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  Wine Tasting Issue 164, Summer 2017   
Contrasts of Schiava and CesaneseContrasts of Schiava and Cesanese Wines of the MonthWines of the Month  Contents 
Issue 163, June 2017 Follow DiWineTaste on Follow DiWineTaste on Twitter 

Contrasts of Schiava and Cesanese

This month Alto Adige and Latium are being compared in our glasses with two interesting grapes, worthful and important representatives of wine making in their respective regions

 The tasting by contrast of this month will compare two important varieties of the Italian wine scene, interesting representatives of Alto Adige and Latium. These two varieties - Schiava and Cesanese - do not benefit, to tell the truth, of the notoriety of other well-known grapes, however it is undeniable they are capable of making quality wines and of remarkable interest. Both varieties have a long history well rooted in remote times, widely mentioned and appreciated in their respective territories since many centuries. Despite they do not benefit of the notoriety of other Italian grapes, both Schiava and Cesanese have a solid importance in their respective territories, undoubtedly very significant grapes in those lands. The cultivation of Cesanese has always been typical in Latium - in particular in the areas of Castelli Romani and Ciociaria - Schiava has been in the past the protagonist of a beautiful and important story for wine making in Lombardy.

 Schiava has in fact been the protagonist of the viticulture in the Alto Milanese area - near Milan - in particular in Legnano, a tradition now gone. It is the story of the renowned Vino dei Colli di Sant'Erasmo, a wine produced until the end of 1980s with Schiava grape, locally known as Botascera. This wine became known even outside their original land, Colli di Sant'Erasmo, thanks to the particular production technique, had a good body and perceptible tannins. This result was obtained by drying Schiava grapes before being crushed and fermentation was done in wood barrels. Cesanese is still today the main protagonist of red wines of Latium, in particular in Piglio - a village in province of Frosinone - Affile and Olevano Romano, in province of Rome, virtually found in every red wine of those territories. Schiava and Cesanese are varieties having very different characteristics, perfect grapes to be compared with the technique of tasting by contrast.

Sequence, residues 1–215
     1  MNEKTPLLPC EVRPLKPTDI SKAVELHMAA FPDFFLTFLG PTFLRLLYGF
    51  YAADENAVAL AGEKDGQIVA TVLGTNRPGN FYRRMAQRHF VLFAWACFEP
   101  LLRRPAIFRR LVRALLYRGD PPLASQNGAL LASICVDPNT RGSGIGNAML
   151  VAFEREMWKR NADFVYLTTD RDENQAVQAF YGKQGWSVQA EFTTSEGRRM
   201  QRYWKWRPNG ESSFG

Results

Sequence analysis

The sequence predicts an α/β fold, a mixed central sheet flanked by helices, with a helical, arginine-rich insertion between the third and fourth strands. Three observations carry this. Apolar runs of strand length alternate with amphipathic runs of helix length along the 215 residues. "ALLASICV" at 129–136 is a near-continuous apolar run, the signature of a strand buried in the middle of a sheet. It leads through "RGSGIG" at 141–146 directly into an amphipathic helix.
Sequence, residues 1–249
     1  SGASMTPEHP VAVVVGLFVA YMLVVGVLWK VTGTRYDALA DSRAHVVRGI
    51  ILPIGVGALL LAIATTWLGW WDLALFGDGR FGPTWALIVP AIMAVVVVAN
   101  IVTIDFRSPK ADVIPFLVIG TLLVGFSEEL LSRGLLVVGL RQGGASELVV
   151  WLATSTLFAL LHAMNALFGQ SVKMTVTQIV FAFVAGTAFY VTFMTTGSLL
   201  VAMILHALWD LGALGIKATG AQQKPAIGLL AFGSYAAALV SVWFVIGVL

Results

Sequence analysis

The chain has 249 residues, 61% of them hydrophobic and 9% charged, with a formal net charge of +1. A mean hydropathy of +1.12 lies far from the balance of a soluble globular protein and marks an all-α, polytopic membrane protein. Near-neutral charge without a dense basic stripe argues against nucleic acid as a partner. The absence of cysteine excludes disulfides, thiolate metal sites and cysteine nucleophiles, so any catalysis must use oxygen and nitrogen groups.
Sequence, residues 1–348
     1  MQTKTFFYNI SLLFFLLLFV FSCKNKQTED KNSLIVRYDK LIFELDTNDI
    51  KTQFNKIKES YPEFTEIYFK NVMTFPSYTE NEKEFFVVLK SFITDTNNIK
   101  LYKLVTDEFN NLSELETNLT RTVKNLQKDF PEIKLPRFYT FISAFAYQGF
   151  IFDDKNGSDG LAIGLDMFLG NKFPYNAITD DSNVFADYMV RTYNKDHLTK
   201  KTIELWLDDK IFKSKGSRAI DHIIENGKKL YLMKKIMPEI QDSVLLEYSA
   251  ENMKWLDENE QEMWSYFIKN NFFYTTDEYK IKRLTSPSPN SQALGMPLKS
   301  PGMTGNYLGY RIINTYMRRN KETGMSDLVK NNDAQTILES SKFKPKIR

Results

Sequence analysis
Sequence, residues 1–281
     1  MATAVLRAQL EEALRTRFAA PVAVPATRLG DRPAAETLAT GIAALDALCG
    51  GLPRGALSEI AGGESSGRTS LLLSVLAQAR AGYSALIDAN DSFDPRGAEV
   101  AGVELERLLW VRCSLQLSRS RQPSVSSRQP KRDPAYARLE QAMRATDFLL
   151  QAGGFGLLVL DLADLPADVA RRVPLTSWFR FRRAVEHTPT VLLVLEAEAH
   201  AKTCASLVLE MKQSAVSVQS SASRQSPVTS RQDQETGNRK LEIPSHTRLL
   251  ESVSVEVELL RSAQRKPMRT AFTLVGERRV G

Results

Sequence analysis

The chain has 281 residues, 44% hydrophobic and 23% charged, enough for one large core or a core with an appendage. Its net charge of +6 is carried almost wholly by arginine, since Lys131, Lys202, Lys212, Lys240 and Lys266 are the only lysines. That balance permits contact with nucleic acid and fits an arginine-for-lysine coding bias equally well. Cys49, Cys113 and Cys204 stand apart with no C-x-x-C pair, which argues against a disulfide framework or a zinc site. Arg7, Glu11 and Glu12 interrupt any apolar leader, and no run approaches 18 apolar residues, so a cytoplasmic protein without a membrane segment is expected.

Schiava


 

 Schiava is the variety used for the production of wines belonging to the appellations of Santa Maddalena and Lago di Caldaro, both in province of Bozen, in Alto Adige, Italy. A grape also known with the German name of Vernatsch, Schiava should be more properly called Schiava Nera (Black Schiava) and of which are known three varieties: Schiava Gentile or Piccola, Schiava Grossa and Schiava Grigia. Of the three, “gentile” (gentle) is the most common one used for the production of wines and, frequently, Schiava wines in Alto Adige are generally produced with all the three varieties. These three Schiava varieties are characterized by a different size and shape of leaves, bunches and berries, however making wines basically having the same sensorial qualities. All are characterized by a remarkable quantity of pruina covering its berries and, except Schiava Grigia, they have a deep blue-purple color, more or less having violet tones.